Stop Looking for Advice

The best advice you can get while learning to program is the advice you do not get because you are too busy shipping.

There is no magical formula that will automatically get you to where you want to be in your journey of learning programming. The reason is that once you reach a certain elementary level of mastery, you can only advance by building actual software, not by reading about building them. Therefore we need to spend less time looking for advice and more time on shipping stuff.

Avoid Abstract Instructions

The hard truth is that almost all instructions are a part self-promotion and a part attempt at being helpful. In other words, consuming advice from other people generally do not directly improve your programming skills, no matter how credible or professional the sources might appear. This article you are reading now is not an exception. I can promise that it will not make you a better programmer, nor will it tell you something that you do not already know by heart. You might as well stop reading it and start building.

There is only one reason that beginner programmers keep looking for advice and those more experienced keep professing as though they knew it all. The moment we preach not to look for advice, the very first thing that cannot be denied is that such opinion is in itself an advice. In other words, the advice of not looking for advice proceeds to deprive itself of any logical justification. Therefore experts cannot say it like it really is without undermining their very credibility.

Take Only Baby Steps

It is particularly dangerous to keep searching for advice that is too broad. Certainly, we should seek help to accomplish various small feats in everyday situations. But it is a waste of time to browse the Internet for abstract topics such as how to become a better programmer. You cannot just consume tutorials on such philosophical subject matters and take a giant leap forward.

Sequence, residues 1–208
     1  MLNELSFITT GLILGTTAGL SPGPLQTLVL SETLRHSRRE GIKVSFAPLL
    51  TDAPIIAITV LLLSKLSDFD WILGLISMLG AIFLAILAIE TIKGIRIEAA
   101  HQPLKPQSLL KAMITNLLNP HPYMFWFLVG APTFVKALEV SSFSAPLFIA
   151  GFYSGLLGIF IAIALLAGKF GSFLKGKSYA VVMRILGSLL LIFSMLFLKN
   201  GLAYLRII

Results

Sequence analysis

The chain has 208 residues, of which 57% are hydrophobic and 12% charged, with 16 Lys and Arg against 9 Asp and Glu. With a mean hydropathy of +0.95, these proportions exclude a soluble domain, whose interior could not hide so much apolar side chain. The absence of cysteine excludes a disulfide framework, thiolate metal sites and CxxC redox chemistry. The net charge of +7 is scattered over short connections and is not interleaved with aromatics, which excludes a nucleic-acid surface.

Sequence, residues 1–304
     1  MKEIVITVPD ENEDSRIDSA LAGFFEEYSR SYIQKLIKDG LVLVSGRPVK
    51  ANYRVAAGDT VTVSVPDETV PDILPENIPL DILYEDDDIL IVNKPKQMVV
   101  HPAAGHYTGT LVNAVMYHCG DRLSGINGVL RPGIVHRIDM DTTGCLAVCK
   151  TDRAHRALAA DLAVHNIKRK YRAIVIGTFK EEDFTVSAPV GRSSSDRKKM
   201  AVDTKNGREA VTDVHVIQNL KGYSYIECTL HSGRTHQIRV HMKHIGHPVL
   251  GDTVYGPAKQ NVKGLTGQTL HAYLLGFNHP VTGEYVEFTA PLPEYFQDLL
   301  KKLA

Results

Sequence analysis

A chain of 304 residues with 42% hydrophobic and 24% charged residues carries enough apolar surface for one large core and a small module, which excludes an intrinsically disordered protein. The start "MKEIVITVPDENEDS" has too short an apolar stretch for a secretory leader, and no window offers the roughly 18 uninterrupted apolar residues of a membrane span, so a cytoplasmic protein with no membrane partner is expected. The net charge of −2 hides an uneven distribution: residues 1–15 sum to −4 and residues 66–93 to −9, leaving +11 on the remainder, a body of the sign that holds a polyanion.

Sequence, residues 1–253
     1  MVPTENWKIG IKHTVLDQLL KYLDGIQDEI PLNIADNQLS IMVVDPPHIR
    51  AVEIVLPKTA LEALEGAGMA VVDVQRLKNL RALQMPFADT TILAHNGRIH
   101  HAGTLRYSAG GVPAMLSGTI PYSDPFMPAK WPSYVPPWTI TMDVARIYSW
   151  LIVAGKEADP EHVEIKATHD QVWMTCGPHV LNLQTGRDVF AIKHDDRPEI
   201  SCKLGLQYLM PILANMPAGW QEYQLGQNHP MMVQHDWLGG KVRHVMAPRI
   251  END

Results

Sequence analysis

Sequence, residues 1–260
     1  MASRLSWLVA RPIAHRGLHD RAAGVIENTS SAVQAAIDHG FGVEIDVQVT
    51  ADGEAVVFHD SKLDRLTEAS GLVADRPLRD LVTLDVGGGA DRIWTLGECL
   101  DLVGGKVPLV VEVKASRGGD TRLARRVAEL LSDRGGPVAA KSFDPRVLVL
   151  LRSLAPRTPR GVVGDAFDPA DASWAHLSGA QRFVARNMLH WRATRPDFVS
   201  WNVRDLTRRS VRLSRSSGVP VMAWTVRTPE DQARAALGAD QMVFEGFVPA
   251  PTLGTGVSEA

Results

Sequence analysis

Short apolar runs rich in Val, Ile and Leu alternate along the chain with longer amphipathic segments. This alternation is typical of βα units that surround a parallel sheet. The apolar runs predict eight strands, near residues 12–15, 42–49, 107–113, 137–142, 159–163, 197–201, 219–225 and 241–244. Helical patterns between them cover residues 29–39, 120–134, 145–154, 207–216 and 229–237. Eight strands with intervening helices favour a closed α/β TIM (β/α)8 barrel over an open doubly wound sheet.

Instead, take baby steps toward the place you immediately want to be in the next moment, by building your own ideas. What really worked out for me when I was learning to program for the first time was to spend all my time on looking up how to build a thing, and on actually building it. Rince and repeat. If you get stuck, take smaller steps instead to make up for that one big step you wanted to take.

a Stack Overflow reputation chart
A chart showing Stack Overflow reputation as I taught myself to program

A good place to get help is sites such as Stack Overflow because they help you get over small problems we immediately face, rather than providing philosophical advice. Those sites do not promise a grandiose vision of making us better programmers by taking 4-week courses or mastering JavaScript in 10 hours. Whenever you see someone selling such things, please run away and do not look back.

The advice you should get are things such as how to roll back that migration you messed up. Or how to write a regex to match that pesky string. Or how to speed up that query that takes several seconds to run. You need such advice so that you learn how to do those things, not so that you can magically transform yourself into a master programmer by some abstract means.

This Was My Advice

At the risk of undermining the very thing that it intends to profess, my dearest advice to you is never to seek advice. The world around us learners is inundated with cheap information that allures our attention by instantly gratifying prospects of growth. And we are often caught in the endless cycle of seeking advice, especially as beginners, for all the wrong reasons.

Instead learn how to animate that button in CSS, how to recursively walk that tree, or how to rate limit your API. Learn them so that your button and your tree and your API can be more themselves, not so that you can be taken to the next level. Be wary of advice that is any broader than things such as those. Ironically that was my advice. I am not in a position to argue that it is any truer than those that I just criticized. But there were some things to be said, and you can be the judge of them. Yes, there were some things to be said. And therefore I have to end this series by destroying itself. Stop looking for advice and start building. And one day when you are busy building something, if this self-contradictory advice somehow finds its place in your head, you will know why it had to be this way.

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Sung Cho

I am a developer interested in learning new things in an efficient way.

Sydney, Australia

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